Another governor recall

5| Prison guards union acts out on million-dollar grudge.

The details: The free-spending prison guards’ union decided to put up $1 million or so to place a recall of Gov. Arnold Schwarzenegger on the ballot. Union officials say it’s because the Republican has been the “worst governor ever,” but they are also ticked off because he has not given them a new contract and did not exempt them from his threatened temporary salary cutback for state employees. Hmmm, didn’t this governor take office in a recall election, too?

Exit-exam scores

6| Scores fluctuate as special-ed students tested for first time.

The details: It is becoming impossible to understand the meaning of the contradictory No Child Left Behind school rankings arriving at this time each year. Are the California High School Exit Exam scores up or down? For the first time, all special-education students had to be tested, too. So that lowered the San Francisco results even though every other subgroup tested higher this year. But Peninsula schools managed to keep climbing even with the special-education marks added in.

Leap of faith

7| Oops — car thief jumps 200 feet off Telegraph Hill.

The details: A jumpy car break-in suspect from Daly City was spotted in action high atop scenic Telegraph Hill shortly after midnight Friday. When police arrived, he dropped his screwdriver and ran, jumping over a 3-foot wall at the end of Alta Street. Surprise — on the other side of the wall was a 200-foot drop straight down to Sansome Street. James Cockrum, 38, did not survive the plunge.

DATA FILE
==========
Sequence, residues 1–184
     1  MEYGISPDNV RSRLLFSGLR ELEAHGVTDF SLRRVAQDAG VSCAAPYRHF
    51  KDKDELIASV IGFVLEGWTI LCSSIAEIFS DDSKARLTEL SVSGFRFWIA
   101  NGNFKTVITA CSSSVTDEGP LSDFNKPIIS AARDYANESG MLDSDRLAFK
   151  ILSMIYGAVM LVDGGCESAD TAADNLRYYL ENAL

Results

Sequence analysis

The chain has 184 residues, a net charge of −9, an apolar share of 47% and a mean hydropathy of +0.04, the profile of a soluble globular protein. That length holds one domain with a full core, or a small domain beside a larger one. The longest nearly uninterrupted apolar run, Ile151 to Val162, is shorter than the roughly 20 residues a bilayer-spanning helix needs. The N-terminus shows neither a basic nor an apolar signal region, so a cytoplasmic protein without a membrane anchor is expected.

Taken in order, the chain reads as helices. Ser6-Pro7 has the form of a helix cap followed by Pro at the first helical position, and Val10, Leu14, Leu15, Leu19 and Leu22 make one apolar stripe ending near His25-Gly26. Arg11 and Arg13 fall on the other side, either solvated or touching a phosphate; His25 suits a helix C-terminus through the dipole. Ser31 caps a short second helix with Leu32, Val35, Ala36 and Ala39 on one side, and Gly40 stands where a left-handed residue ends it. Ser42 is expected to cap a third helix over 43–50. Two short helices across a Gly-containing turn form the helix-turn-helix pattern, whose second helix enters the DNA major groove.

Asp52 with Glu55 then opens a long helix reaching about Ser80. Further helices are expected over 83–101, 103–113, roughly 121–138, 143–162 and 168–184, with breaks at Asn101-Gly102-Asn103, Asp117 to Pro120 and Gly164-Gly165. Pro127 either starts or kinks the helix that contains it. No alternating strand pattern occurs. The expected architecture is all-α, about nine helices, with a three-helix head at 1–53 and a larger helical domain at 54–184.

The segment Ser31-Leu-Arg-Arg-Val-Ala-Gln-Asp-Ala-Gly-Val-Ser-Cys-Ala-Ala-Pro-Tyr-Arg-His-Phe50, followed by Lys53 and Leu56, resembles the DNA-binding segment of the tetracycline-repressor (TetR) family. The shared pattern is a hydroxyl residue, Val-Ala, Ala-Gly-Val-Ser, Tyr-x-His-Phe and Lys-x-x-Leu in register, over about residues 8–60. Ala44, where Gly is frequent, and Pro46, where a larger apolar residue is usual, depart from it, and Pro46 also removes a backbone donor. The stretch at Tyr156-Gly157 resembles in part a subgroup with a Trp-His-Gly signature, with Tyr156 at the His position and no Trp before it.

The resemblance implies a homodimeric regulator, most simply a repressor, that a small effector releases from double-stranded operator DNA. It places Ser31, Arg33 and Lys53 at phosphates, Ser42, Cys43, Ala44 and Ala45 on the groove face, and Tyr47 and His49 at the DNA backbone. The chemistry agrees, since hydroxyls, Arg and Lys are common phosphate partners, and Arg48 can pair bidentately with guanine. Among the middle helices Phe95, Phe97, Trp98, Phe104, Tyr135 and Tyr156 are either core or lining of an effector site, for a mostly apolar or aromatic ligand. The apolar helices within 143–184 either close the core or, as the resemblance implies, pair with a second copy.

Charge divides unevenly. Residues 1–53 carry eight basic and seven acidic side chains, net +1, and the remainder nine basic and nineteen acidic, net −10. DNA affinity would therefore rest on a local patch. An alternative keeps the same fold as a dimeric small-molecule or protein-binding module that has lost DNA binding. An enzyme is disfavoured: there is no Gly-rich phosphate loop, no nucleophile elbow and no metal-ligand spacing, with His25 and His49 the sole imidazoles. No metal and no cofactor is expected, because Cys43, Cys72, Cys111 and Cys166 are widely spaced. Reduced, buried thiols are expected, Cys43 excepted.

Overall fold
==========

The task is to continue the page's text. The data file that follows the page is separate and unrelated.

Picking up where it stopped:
Tainted baby food

8| FDA warns of toxic melamine in Chinese market imports.

The details: The federal Food and Drug Administration is warning cities with large Chinese populations to beware of imported mainland China baby foods that are popular in ethnic neighborhood markets. Some bottles have been tested as containing melamine, a toxic chemical used in making plastics, which can cause kidney stones in babies or even be fatal. No cases of melamine poisoning have been found in the U.S. yet.

Budget rejection

9| State Republican lawmakers’ budget draft is latest to go down.

The details: With the state budget closing in on a record-breaking three months overdue, the latest to strike out were the Senate Republicans, whose plan called for cutting $1.6 billion more than the Democrats’ $10 billion trim. The Dems claimed these extra cuts were too harsh.

Obama relative targeted

10| Break-in attempt fails; police keep closer watch.

The details: Sarah Obama, the elderly step-grandmother of Democratic presidential candidate Barack Obama, was targeted by would-be burglars at her home in a village 300 miles from Nairobi, the capital of Kenya. The thieves failed to get inside after apparently using a ladder to climb onto the roof after finding the doors had been locked.

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Staff Report

A daily newspaper covering San Francisco, San Mateo County and serving Alameda, Marin and Santa Clara counties.